What We’re Watching: Venezuela Unplugged

What We’re Watching: Venezuela Unplugged

Is Moscow Dropping Maduro?
Moscow has removed the bulk of its defense advisers from Venezuela, because the cash-strapped regime of Nicolas Maduro can't pay them, according to a report in the Wall Street Journal yesterday. Adding to the intrigue, later in the day, President Donald Trump cryptically tweeted that he'd received word from Russia that "most of their people" had left the South American nation. The Kremlin's support has been crucial for Maduro – who has so far faced down a challenge from opposition leader Juan Guaido – and until now, Venezuela has spent a lot of money on Russian weapons. But if the cash is running dry and Moscow's support is fraying, will this alter Maduro's calculus? More importantly, will it alter the calculus of the generals whose continued support is keeping him in power?


Weather Report from the new "Arab Spring": Shots fired, elections cancelled
Earlier this spring, popular protests in both Sudan and Algeria ousted strongmen who had ruled for decades, creating hope for change in two countries burdened with notoriously repressive regimes. But in both cases, the military men who propped up those regimes have held on to power, angering street protesters who want systemic change rather than just a change of faces at the very top.

Over the weekend, that difference of aims turned deadly in the Sudanese capital, when soldiers opened fire on protesters who have camped outside the military's HQ for two months demanding a swift transition to civilian rule. Meanwhile, in Algeria, an interim government made up of old regime figures cancelled fresh elections scheduled for next month after hundreds of thousands poured into the streets to denounce them as a regime-controlled sham.

What we're ignoring

Reports about the purge or execution of North Korean officials – Last week, a South Korean paper quoting a single source reported that North Korean leader Kim Jong-un was so annoyed at the failure of his Hanoi summit with Donald Trump that he'd executed several of his nuclear negotiators and sent his top diplomat, Kim Yong-chol, to a re-education camp. Plausible enough for a guy who's reportedly executed dozens of people, including his own family members. But then, over the weekend, North Korean media showed Mr Kim (the diplomat) seated contentedly alongside Dear Leader Kim at a concert. Either his stint in the camp provided him a remarkably quick reeducation or this is a reminder that it's almost impossible to know what is really happening inside a society as grotesquely repressive and secretive as North Korea's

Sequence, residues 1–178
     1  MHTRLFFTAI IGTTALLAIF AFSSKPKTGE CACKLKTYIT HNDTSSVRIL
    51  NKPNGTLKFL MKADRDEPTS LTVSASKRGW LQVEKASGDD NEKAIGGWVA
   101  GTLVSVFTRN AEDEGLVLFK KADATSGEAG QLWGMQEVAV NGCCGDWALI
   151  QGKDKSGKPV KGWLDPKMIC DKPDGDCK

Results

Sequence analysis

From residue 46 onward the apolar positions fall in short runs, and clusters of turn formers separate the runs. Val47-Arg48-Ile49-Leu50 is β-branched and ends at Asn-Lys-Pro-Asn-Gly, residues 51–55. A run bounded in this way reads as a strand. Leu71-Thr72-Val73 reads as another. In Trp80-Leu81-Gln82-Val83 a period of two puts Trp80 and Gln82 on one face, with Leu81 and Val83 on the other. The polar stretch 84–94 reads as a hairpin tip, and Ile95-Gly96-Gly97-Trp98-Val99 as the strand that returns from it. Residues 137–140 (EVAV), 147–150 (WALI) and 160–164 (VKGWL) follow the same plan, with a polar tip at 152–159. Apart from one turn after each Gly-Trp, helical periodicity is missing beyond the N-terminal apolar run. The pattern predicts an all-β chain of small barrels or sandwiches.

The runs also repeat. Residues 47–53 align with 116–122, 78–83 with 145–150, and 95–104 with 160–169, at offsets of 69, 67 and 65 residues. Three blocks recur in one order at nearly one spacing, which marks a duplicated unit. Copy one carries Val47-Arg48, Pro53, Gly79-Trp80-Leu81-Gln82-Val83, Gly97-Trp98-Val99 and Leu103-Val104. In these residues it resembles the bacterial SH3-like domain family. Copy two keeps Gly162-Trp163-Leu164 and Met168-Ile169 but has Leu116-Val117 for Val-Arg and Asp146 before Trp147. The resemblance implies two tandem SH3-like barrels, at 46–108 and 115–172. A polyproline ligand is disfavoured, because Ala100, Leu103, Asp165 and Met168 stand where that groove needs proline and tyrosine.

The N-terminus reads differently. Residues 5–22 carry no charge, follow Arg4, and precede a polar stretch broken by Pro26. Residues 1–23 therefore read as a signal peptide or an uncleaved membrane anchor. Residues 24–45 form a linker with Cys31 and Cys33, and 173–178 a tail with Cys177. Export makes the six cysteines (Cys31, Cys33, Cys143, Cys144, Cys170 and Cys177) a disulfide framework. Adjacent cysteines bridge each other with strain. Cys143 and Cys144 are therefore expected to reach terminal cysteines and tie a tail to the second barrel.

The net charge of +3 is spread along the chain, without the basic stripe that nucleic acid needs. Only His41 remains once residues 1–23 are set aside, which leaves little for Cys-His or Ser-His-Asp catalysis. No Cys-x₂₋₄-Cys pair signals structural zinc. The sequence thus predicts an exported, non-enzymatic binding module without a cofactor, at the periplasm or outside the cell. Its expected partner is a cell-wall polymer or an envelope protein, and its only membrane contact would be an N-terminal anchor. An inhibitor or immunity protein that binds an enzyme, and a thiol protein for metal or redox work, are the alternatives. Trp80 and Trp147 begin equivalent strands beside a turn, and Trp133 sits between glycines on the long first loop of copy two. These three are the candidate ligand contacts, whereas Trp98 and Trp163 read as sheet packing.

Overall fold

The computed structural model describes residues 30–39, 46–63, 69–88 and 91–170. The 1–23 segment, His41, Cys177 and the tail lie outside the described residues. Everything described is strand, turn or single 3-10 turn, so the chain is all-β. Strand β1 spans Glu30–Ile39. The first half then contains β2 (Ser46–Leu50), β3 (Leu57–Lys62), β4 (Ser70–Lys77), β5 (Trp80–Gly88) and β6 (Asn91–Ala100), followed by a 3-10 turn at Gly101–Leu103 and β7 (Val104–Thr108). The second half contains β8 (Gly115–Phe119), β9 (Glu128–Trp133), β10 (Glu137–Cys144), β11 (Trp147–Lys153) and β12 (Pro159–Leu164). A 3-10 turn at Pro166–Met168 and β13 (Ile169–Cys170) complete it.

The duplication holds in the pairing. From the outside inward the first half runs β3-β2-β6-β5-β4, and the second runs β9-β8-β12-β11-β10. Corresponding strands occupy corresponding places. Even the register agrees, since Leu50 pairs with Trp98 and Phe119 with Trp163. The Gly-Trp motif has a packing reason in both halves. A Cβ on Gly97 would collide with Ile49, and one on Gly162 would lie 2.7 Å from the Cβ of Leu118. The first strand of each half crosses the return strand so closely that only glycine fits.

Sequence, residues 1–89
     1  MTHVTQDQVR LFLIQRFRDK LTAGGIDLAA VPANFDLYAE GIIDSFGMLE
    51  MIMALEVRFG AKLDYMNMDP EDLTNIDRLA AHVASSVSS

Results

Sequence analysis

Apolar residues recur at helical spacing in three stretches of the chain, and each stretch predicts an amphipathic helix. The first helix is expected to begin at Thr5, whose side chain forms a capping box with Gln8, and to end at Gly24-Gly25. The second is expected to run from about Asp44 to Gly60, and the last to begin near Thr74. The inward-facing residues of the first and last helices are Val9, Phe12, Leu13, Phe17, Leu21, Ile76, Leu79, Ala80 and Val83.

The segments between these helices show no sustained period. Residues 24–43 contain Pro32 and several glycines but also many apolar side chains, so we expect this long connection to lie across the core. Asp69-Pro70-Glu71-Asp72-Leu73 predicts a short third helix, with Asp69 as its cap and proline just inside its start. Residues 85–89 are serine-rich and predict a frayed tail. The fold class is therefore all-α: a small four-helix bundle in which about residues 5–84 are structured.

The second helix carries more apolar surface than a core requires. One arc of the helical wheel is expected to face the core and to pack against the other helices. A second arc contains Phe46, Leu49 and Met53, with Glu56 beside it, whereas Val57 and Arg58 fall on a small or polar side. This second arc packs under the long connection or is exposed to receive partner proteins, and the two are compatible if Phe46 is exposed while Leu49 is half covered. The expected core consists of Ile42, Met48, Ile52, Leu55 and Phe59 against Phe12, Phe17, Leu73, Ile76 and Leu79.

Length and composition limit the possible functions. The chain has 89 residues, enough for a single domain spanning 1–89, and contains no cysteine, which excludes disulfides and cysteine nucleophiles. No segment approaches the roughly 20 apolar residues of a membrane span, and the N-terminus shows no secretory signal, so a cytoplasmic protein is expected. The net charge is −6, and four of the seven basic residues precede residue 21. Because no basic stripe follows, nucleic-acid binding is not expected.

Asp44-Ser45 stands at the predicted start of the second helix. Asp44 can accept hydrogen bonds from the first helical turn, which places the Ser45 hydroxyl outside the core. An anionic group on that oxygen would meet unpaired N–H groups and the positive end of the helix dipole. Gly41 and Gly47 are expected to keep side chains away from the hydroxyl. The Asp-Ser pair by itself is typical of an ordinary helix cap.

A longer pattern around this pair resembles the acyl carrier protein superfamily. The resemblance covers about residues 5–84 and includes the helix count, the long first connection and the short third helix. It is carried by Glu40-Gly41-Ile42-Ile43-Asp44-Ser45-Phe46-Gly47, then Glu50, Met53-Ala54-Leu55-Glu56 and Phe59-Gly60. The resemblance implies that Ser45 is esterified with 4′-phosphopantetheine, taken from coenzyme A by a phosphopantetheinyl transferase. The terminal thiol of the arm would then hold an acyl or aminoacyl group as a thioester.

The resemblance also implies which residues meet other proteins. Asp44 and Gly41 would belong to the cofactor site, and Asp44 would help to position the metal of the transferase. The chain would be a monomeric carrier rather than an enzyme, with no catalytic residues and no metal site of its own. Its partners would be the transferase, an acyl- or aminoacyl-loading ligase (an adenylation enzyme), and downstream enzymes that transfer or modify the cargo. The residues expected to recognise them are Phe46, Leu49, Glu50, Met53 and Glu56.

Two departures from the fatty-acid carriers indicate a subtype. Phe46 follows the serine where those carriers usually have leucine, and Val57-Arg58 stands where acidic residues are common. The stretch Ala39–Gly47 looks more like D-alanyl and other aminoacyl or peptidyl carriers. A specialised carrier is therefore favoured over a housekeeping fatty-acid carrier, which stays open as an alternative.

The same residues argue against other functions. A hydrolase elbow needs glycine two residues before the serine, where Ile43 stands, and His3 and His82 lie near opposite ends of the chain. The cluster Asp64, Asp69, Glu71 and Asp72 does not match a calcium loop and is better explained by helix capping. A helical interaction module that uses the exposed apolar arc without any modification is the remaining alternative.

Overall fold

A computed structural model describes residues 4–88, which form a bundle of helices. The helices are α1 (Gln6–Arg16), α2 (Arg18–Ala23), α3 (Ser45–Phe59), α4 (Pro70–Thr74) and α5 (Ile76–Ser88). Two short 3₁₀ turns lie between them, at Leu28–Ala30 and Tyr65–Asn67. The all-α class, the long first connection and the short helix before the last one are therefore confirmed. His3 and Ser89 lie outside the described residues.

This week, the market value of Tencent, China's biggest video game company, nosedived after a state media outlet suggested that online gaming was as addictive and destructive as opium. Tencent immediately pledged to cap the number of hours people can play, and to keep minors off its platforms.

It's the latest example of a months-long crackdown on major Chinese technology firms that until recently were viewed as some of the world's most powerful and successful companies, as well as a source of national pride. Beijing's about-face on its own tech titans could have big implications for China, and beyond.

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Whenever Burkina Faso is in the news, it's often about how the crisis-ridden country has got caught up in the crosshairs of horrific jihadist violence plaguing the Sahel.

But this week, the nation of 20 million was celebrating because Hugues Fabrice Zango won its first-ever Olympic medal after finishing third in the men's triple jump in Tokyo.